Bob Dylan's unusual new album Shadows in the Night consists of ten cover versions of standards from the American Popular Songbook including "Autumn Leaves" and "Some Enchanted Evening." Dylan is accompanied by a five-piece band on songs that usually use orchestral accompaniment, and the singer has said the recordings were done live in "one or two takes." Fresh Air rock critic Ken Tucker says Dylan both infuses the songs with his personality, while also allowing them to be heard anew.
TERRY GROSS, HOST:
This is FRESH AIR. I was surprised when I first heard that Bob Dylan was doing an album of songs from the American popular songbook, songs like "What'll I Do," "Some Enchanted Evening" and "The Night We Called It A Day." It's just been released. It's called "Shadows In The Night." Dylan has said the recordings were done live, in one or two takes. Our rock critic, Ken Tucker, says Dylan infuses the songs with his personality while also allowing them to be heard anew.
(SOUNDBITE OF SONG, "THE NIGHT WE CALLED IT A DAY")
BOB DYLAN: (Singing) There was a moon out in space, but a cloud drifted over its face. You kissed me and went on your way - the night we called it a day.
KEN TUCKER, BYLINE: It would be a mistake to think of "Shadows In The Night" as the work of a 73-year-old man reaching back to old songs in his old age. Dylan is still a vital songwriter and performer, and he approached this album of pop standards in a way that's novel for these times, with a five-piece band, without any radical new arrangements of the songs and with a sincerity laced with knowingness. As he sings here, why try to change him now?
(SOUNDBITE OF SONG, "WHY TRY TO CHANGE ME NOW")
DYLAN: (Singing) I'm sentimental, so I walk in the rain. I've got some habits even I can't explain. Could start for the corner, turn up in Spain. Why try to change me now?
TUCKER: That song, co-written by Broadway-great Cy Coleman, was recorded by Frank Sinatra - twice, in fact. Indeed, every song on "Shadows In The Night" has been recorded by Sinatra. But the album never comes across as anything so dreadful as a Sinatra tribute album. Instead, Dylan uses Sinatra as a kind of anthology editor, listening to Sinatra records, picking songs that he, Dylan, could feel a connection to and thereby offer you a chance to connect to them, too.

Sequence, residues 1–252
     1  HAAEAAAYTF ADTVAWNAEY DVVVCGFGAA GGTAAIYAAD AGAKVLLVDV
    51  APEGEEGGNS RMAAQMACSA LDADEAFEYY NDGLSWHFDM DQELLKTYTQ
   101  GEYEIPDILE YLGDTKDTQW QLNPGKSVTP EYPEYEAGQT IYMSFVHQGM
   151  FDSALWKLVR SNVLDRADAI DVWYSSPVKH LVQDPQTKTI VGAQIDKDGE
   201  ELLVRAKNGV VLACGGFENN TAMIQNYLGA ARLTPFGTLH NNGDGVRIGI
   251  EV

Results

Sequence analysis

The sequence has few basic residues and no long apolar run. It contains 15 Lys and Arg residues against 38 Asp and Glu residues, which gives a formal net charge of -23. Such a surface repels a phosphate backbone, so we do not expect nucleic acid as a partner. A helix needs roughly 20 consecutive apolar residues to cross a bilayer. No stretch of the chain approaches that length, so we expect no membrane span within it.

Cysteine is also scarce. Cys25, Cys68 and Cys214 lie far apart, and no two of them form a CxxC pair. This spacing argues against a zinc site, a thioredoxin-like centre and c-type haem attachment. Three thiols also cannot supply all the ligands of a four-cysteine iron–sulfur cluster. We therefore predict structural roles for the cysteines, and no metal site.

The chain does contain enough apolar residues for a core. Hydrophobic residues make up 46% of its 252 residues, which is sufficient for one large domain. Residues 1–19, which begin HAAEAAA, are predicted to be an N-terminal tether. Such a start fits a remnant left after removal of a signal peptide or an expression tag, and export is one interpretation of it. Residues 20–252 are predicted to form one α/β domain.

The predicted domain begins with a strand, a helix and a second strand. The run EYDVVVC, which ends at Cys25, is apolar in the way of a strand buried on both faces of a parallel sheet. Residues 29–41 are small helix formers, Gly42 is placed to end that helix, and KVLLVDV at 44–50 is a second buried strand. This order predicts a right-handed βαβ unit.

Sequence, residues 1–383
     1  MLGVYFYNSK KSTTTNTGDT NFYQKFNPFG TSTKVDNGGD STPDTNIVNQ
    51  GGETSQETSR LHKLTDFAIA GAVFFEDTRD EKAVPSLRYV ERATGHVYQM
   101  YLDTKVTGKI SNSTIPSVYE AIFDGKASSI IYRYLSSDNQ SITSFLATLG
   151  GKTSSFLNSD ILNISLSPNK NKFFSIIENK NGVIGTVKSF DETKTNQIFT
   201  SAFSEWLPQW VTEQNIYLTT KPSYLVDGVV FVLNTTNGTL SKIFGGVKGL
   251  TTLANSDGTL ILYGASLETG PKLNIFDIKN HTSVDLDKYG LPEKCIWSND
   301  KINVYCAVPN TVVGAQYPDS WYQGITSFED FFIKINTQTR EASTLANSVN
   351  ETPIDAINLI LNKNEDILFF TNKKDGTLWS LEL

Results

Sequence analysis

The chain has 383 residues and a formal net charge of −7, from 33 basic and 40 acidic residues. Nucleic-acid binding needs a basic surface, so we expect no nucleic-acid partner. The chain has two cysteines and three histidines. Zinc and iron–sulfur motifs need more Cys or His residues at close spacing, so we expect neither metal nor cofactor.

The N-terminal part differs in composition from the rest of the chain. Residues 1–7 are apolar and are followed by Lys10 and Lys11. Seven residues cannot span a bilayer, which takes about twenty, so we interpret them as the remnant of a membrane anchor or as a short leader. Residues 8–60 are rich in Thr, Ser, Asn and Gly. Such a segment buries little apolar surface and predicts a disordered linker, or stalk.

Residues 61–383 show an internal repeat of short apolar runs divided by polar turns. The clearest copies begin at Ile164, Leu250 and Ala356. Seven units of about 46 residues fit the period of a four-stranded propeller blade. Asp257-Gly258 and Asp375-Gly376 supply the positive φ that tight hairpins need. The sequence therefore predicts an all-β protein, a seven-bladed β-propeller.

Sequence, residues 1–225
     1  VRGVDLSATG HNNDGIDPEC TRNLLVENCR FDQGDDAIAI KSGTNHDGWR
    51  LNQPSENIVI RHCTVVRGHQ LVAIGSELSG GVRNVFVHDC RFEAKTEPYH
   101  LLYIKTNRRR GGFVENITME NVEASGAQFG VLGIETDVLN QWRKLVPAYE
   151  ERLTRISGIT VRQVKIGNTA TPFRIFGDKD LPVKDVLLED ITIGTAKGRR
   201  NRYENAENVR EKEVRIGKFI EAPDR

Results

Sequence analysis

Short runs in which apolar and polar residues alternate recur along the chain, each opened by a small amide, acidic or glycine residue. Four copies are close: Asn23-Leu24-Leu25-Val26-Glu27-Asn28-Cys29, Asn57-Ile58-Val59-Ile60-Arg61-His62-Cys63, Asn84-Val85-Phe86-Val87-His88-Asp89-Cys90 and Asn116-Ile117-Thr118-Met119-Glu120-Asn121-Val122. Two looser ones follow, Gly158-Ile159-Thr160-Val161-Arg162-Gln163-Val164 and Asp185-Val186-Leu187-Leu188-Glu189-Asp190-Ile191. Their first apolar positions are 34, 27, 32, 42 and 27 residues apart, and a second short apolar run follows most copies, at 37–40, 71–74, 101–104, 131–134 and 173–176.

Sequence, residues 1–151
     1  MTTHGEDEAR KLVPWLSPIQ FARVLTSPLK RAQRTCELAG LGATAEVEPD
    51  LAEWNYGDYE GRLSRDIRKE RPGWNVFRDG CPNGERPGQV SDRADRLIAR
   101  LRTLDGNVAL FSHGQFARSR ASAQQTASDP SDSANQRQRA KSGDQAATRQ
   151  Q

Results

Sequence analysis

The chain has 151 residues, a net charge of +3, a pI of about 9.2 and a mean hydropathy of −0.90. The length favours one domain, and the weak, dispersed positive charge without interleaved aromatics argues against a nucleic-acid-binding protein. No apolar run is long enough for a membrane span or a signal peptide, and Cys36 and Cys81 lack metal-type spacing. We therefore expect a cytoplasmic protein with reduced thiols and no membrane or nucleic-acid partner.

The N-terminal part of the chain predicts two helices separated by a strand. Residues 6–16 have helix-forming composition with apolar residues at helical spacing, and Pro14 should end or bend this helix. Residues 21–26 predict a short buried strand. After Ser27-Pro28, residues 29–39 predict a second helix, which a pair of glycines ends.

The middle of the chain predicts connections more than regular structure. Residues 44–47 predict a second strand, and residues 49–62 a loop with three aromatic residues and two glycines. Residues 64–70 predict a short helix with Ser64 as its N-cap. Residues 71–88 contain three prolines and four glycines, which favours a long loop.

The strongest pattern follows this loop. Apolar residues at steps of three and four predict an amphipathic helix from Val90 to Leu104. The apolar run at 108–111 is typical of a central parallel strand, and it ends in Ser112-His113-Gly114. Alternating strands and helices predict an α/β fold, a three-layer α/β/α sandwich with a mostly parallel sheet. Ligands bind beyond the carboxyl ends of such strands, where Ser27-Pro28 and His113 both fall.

(SOUNDBITE OF SONG, "FULL MOON AND EMPTY ARMS")
DYLAN: (Singing) Full moon and empty arms. The moon is there for us to share, but where are you? A night like this could weave a memory. And every kiss could start a dream for two. Full moon...
TUCKER: That may be my favorite cut on the album and Dylan's most unusual selection, a 1945 adaptation of a Rachmaninoff piano concerto. I suspect that many people who don't like this album will ascribe their dislike to - what else? - Dylan's singing, with its aged cracks and croaks and rumbles. But, to me, and I also suspect many others, Dylan's singing is one element that makes me want to hear the chestnuts he's chosen once again. His five-piece band includes a pedal steel guitar, lending a ghostly, at times, country-blues tinge to songs that were never intended as such. Listen to the pedal steel, for instance, in "What'll I Do," written by Irving Berlin for a Broadway review.
(SOUNDBITE OF SONG, "WHAT'LL I DO")
DYLAN: (Singing) What'll I do when you are far away and I am blue? What'll I do? What'll I do when I am wondering who is kissing you? What'll I do?
TUCKER: I am not so invested in the cultural sanctity of the "Great American Songbook" that I would hear anything Dylan is doing here as traducing the work of tunesmiths of the pre-rock era. What I do hear is a Bob Dylan who has found yet another way to insist that all forms of pop music share a directness that can be ageless, timeless. I hear a Dylan who's in a mood to be moody, to tap into a romanticism his own work sometimes denies. It's as though he singing these songs to himself, even as he's singing them to you.
GROSS: Ken Tucker is critic-at-large for Yahoo TV. Bob Dylan's new album of standards is called "Shadows In The Night." Tomorrow on our show, we'll talk about heroin is on the rise, yet most rehab programs are ignoring effective new treatments. That's what investigative journalist Jason Cherkis reports. We'll talk about his series, "Dying To Be Free," which is published in the Huffington Post. We've just made some changes to our podcast that we're really excited about, so this is a great time to check it out. It's free and easy to subscribe to on iTunes or your mobile podcast app. Transcript provided by NPR, Copyright NPR.